• A Simple Dual-Polarized Co-Incident Phase Center Antipodal Vivaldi Antenna Element for Airborne Telemetry Applications

      Rodriguez-Garcia, Pedro; Martin, Joshua; Pierpont, Jim; Shea, Donald; George, Rob; Advanced Aperture Solutions, ComCept Division, Agile Development Group, L3Harris Technologies (International Foundation for Telemetering, 2022-10)
      This paper proposes a wideband, dual-linear polarized, co-incident phase center Antipodal Vivaldi Antenna (AVA) for remote sensing applications within X-Ku frequency bands. This antenna specifically targets constrained size, weight, power, and cost (SWaP-C) applications by providing a simple, portable, and easy to fabricate design. Existing dual-polarized AVA consist of both coincident and non-coincident phase center elements that are electrically connected by a ground plane, but these often contain heavy mechanical support structures. A key characteristic of the proposed AVA is it enables lightweight design by implementing foam supporting structures while retaining desirable performance characteristics.
    • Science System for a Prototype Mars Rover

      Kosbar, Kurt; Ryan, Maxwell; Robles, Anthony; Brinker, Grant; Shockley, Daelon; Cox, Natasha; Department of Electrical and Computer Engineering, Missouri University of Science and Technology (International Foundation for Telemetering, 2022-10)
      This paper details a science system designed for a prototype Mars rover for the purpose of competing in the 2022 University Rover Challenge. The science system was designed to analyze an environment and determine its ability to support life. Data from a sensor array, heater, and absolute encoders are gathered by individual microcontrollers connected in a local, rover-side network. Various communication standards are used to interface with these devices. This data is transmitted over a 5.8 GHz radio link to a basestation where the data is interpreted by the rover operators. Embedded control is also critical to rover operations as feedback loops are used to ensure safe operation of the system.
    • Telemetry Package for the Drive System of a Remotely Controlled Rover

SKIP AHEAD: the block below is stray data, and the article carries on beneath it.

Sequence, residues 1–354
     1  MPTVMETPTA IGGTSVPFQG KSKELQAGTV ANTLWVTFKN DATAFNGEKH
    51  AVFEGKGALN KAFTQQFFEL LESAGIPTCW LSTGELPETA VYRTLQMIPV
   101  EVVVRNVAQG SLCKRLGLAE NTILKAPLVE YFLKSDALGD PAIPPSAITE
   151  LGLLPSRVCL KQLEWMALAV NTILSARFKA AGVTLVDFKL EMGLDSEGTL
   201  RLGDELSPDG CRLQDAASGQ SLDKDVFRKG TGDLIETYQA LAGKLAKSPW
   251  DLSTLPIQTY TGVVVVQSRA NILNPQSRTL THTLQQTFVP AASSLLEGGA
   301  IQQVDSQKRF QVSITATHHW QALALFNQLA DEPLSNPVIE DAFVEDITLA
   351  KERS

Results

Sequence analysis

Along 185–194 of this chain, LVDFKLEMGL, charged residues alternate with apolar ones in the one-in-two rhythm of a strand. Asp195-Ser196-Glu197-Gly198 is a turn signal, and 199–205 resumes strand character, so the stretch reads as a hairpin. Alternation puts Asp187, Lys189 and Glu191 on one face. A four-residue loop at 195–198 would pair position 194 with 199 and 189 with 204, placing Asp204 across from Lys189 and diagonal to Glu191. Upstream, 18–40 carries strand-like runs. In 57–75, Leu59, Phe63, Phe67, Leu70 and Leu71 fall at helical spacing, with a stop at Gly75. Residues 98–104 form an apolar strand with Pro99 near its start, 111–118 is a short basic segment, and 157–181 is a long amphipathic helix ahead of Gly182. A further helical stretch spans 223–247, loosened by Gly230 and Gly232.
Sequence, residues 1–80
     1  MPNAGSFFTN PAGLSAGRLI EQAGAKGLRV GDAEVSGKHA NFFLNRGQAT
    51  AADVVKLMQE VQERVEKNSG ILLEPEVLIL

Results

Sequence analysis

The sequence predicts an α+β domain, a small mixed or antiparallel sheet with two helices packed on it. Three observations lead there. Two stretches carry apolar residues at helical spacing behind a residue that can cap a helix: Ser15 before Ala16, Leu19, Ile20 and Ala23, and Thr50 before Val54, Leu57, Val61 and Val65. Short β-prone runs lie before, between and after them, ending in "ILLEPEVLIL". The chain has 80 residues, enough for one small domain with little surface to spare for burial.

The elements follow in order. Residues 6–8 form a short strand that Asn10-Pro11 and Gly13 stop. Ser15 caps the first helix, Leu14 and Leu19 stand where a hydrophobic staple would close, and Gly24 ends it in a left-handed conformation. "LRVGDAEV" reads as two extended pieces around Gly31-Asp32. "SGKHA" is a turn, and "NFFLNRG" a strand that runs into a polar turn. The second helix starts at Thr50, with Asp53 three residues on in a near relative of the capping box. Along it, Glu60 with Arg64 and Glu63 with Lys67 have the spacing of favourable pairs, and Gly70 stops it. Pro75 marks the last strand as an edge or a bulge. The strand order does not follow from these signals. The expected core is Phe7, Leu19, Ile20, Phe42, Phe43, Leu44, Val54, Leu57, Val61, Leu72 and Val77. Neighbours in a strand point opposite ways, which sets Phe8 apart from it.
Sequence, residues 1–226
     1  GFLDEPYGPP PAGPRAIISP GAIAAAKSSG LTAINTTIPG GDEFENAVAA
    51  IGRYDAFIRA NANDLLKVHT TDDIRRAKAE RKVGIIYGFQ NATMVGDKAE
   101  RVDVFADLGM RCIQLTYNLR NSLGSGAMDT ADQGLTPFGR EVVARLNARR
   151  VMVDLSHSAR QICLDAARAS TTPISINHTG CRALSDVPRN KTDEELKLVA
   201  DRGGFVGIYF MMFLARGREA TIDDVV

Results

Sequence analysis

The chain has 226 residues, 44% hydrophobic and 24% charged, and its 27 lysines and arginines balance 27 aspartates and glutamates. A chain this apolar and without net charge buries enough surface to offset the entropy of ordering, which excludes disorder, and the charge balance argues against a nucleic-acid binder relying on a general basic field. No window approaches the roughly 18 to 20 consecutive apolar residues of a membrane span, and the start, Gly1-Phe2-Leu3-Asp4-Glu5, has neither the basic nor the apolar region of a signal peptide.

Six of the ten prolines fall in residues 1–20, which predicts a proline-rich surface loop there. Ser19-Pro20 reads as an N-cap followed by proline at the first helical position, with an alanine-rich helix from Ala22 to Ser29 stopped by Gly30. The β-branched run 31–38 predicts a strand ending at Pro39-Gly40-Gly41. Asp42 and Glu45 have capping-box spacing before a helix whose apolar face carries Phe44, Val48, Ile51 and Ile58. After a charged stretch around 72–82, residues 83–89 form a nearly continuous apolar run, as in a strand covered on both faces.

Kosbar, Kurt; Davis, Brady; Squires, Faye; McEntire, Garrett; Department of Electrical and Computer Engineering, Missouri University of Science and Technology (International Foundation for Telemetering, 2022-10)
      This paper will explore the transfer of data through the drive system of a remotely operated rover designed to compete in the 2022 University Rover Challenge. The system consists of six independently controlled motors, six electronic speed controllers (ESCs), and a microcontroller. The ESCs are based on the open-source VESC project. This is a highly adaptive approach that allows PID speed control, battery management, regenerative braking, and a watchdog that will cut power if certain safety measures are not met. The microcontroller has an independent serial connection to each ESC, allowing the microcontroller to control and receive telemetry data from each ESC without each other ESC needing to be operable. The microcontroller communicates wirelessly with the base station over a 900 MHz radio connection using TCP. Packets follow a custom-built protocol which allows the drive system to send and receive vital information such as speed targets, current motor speeds, and fault states.
    • Design of a Radio Telemetry System for Use by University Rocket Teams

      Kosbar, Kurt; Francois, Thomas; Montano, Thomas; NASA Goddard Space Flight Center (International Foundation for Telemetering, 2022-10)
      This paper provides an overview of a system developed to meet the needs of telemetry systems for use in university-designed sounding rockets. The telemetry and command system operates over a full-duplex 900 MHz link at altitudes up to 100 km, the typical max altitude achieved by university sounding rockets, using a lower data rate than the down-link for a reliable command up-link. As these missions become more prolific and with increasingly valuable payloads, without an increase in budget, there is a growing need for such data systems that are at the typical cost of hobbyist level rockets. This project is the development of a system that reduces mission risk by downloading health and sensor data in real-time, increases operator safety and redundancy by providing the ability to trigger an immediate abort option to save the vehicle, and improves system feedback through a software package that displays and analyzes the flight data, in real-time, to the operators at the ground station.